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Retirement Benefits & Qualified Domestic Relations Orders

Retirement benefits can become a point of contention during divorce proceedings. Many people feel that their retirement benefits belong to them and only them as retirement funds are held in only one person’s name. The courts, however, do not necessarily consider a retirement account to only belong to one person in a marriage. That is, of course, depending on the circumstances. If a couple has been married for several years and funds have been put aside in a retirement account during that time, then the other spouse is entitled to a portion of those retirement benefits because they are considered to be marital property. On the other hand, if a spouse enters a marriage with a large retirement account, then the other spouse may not be entitled to the pre-marriage portion. If a spouse is entitled to a portion of the retirement benefits, a judge will enter a Qualified Domestic Relations Order (QDRO) to establish an additional payee on the account per the US Department of Labor. It should be noted that a QDRO is only to be used for company-managed accounts like a 401(k) or 403(b). The order does the following:

  • Creates or recognizes an alternate payee’s right to, or assigns to an alternate payee the right to, receive all or a portion of the benefits payable with respect to a participant’s retirement plan.
  • Clearly specifies the name and last known mailing address of the participant and the name and mailing address of each alternate payee that the order covers. The amount to be paid to the alternate payee, how that amount was determined, the number of payments or the period of time the order applies, and, if more than one retirement account is in question, it names each retirement plan the order applies.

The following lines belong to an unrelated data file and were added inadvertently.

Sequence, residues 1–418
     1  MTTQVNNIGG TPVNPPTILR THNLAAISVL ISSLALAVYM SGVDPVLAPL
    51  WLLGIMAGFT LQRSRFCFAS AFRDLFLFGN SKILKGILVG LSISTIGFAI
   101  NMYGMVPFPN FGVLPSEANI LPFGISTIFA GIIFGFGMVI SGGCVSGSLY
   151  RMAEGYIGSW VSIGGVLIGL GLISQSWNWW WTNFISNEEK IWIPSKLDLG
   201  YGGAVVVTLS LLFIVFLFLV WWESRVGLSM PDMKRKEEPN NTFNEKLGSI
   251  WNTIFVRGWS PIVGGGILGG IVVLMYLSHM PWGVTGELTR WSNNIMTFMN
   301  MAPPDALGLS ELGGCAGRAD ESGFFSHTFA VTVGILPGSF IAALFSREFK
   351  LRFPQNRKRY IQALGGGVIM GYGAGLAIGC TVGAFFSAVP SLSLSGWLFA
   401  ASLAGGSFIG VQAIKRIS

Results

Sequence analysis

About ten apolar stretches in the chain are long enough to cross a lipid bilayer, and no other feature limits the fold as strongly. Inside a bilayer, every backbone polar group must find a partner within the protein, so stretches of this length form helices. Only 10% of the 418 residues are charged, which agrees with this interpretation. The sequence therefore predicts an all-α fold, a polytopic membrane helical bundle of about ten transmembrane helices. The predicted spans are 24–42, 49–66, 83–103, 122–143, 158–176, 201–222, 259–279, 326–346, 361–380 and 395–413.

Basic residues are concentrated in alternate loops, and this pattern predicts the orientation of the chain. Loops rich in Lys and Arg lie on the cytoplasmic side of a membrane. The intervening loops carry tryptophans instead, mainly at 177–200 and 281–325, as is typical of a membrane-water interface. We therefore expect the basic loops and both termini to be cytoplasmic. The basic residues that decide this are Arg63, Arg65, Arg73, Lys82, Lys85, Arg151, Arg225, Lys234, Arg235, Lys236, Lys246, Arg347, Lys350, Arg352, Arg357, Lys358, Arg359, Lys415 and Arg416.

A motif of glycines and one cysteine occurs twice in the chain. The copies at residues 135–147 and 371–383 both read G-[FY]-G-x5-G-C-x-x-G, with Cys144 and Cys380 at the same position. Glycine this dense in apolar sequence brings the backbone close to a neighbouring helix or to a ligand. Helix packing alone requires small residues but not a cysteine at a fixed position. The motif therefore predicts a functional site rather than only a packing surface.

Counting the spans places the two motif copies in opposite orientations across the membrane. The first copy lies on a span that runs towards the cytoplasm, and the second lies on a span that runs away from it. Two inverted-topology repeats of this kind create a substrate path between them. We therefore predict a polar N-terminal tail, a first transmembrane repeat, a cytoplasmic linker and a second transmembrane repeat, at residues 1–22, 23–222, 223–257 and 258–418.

• The order does not require there be any other types of payment options other than what is available under the plan nor does it require the plan to provide increased benefits.

A word of caution if you are on the receiving end of the QDRO, if you receive a cash payment for the retirement benefits, you may be liable for taxes unless you reinvest it according to tax laws. If you are on the paying end of the QDRO, a bit of good news is that you will be protected from an early withdrawal tax assessment from the IRS.

Retirement accounts are among some of the most commonly divided assets in today’s divorce cases. In some instances, the Internal Revenue Service can use the QDRO to identify that the retirement assets are legally allowed, and sometimes mandated, to be used to pay child support or alimony. As with all legal documents and proceedings it is best to seek legal counsel, but it is especially important when creating a Qualified Domestic Relations Order. There are right and wrong ways to execute one. If it is done correctly, you will have great protection from the IRS, but if done incorrectly you may end up with no protection. Kevin Hickey Law Partners strives to help every client achieve the best divorce settlement possible. For example, when preparing QDROs we name protected provisions in the event that one spouse dies. If an alternate payee dies before receiving all of the money they were allotted as part of the QDRO, the order should stipulate that the remaining distributions be paid to his or her estate. If the retirement plan owner dies before all money is paid to the alternate payee, the alternate payee spouse should be identified as the surviving spouse for the purposes of that particular retirement account. Call Kevin Hickey today to schedule your consultation before starting the divorce process.